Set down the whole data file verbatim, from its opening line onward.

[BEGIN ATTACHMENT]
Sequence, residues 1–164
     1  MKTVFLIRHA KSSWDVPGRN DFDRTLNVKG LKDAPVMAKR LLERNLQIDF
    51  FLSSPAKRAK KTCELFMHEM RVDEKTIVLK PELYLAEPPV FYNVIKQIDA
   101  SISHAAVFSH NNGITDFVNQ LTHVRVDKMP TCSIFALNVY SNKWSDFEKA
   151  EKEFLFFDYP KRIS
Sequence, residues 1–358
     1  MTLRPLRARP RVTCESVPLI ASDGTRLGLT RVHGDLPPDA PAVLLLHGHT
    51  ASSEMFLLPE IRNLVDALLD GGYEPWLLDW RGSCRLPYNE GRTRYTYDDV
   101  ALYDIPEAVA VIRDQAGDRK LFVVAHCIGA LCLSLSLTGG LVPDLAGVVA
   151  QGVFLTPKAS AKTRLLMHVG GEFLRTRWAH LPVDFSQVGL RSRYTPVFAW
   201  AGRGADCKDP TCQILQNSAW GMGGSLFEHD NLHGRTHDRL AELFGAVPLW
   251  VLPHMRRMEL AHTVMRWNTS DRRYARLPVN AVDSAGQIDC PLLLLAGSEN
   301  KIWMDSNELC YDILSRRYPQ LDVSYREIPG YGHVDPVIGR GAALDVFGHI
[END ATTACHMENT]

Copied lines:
Sequence, residues 1–164
     1  MKTVFLIRHA KSSWDVPGRN DFDRTLNVKG LKDAPVMAKR LLERNLQIDF
    51  FLSSPAKRAK KTCELFMHEM RVDEKTIVLK PELYLAEPPV FYNVIKQIDA
   101  SISHAAVFSH NNGITDFVNQ LTHVRVDKMP TCSIFALNVY SNKWSDFEKA
   151  EKEFLFFDYP KRIS
Sequence, residues 1–358
     1  MTLRPLRARP RVTCESVPLI ASDGTRLGLT RVHGDLPPDA PAVLLLHGHT
    51  ASSEMFLLPE IRNLVDALLD GGYEPWLLDW RGSCRLPYNE GRTRYTYDDV
   101  ALYDIPEAVA VIRDQAGDRK LFVVAHCIGA LCLSLSLTGG LVPDLAGVVA
   151  QGVFLTPKAS AKTRLLMHVG GEFLRTRWAH LPVDFSQVGL RSRYTPVFAW
   201  AGRGADCKDP TCQILQNSAW GMGGSLFEHD NLHGRTHDRL AELFGAVPLW
   251  VLPHMRRMEL AHTVMRWNTS DRRYARLPVN AVDSAGQIDC PLLLLAGSEN
   301  KIWMDSNELC YDILSRRYPQ LDVSYREIPG YGHVDPVIGR GAALDVFGHI